it’s a material that we use every day, but did you know that the physical and chemical properties of glass have long baffled scientists? now, thanks to a team of researchers at the university of konstanz in germany, new light has been shed on the true nature of glass, which despite what you might think, isn’t a typical solid. led by professor andreas zumbusch and professor matthias fuchs, the study has uncovered a new state of matter: liquid glass.
glass is an amorphous solid, meaning that the atoms and molecules display more random arrangements rather than the definite lattice patterns of conventional solids. glass also does not follow the typical transition from liquid to solid, which usually involves molecules lining up to form a crystal pattern. instead, glass molecules are effectively frozen in place before this crystallization can occur (via university of konstanz). it’s this unique transition that the scientists set out to understand.
main image by johannes w on unsplash
to conduct their research, the scientists used a model system of colloidal suspensions. colloidal suspension mixtures contain solid particles bigger than atoms or molecules, making them easier to study. most experiments use spherical colloids however this research used tailor-made ellipsoidal colloids so the team could see whether or not the particles changed orientation.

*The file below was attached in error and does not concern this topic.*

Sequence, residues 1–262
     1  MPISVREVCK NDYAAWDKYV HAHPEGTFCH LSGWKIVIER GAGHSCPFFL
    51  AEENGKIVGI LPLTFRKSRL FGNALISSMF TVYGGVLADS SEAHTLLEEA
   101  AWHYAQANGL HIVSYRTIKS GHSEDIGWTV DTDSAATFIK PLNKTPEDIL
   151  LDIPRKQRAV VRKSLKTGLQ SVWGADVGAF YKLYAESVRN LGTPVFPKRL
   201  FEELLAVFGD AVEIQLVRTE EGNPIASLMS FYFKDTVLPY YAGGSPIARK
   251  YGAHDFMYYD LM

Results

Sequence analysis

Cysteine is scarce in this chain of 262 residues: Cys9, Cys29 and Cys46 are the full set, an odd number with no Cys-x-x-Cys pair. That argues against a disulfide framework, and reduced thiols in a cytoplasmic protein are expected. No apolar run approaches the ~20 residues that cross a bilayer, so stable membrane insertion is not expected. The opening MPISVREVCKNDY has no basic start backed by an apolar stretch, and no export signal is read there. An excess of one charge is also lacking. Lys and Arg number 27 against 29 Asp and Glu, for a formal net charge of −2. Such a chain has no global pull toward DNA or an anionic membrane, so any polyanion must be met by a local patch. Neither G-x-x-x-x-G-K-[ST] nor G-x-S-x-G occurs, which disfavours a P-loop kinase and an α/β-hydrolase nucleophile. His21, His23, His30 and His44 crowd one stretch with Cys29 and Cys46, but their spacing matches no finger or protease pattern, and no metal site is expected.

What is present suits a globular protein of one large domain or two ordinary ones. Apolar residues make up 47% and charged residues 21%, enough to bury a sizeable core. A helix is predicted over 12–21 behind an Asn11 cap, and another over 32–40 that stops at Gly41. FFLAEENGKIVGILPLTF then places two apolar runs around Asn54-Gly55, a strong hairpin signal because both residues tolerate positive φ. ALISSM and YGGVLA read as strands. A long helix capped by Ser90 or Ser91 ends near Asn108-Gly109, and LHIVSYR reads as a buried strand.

using different particle concentrations, the researchers observed how much the particles moved and rotated. the experiments revealed that the liquid glass state arises from clusters of particles in the same orientation that block each other from rotating, which would instead result in the more conventional liquid crystal formation. the study marks a significant discovery in the world of chemistry, which had predicted the liquid glass state of matter for 20 years. the study was first published in the proceedings of the national academy of sciences journal and it was authored by jörg roller, aleena laganapan, janne-mieke meijer, matthias fuchs, and andreas zumbusch.
article via: university of konstanz, new atlas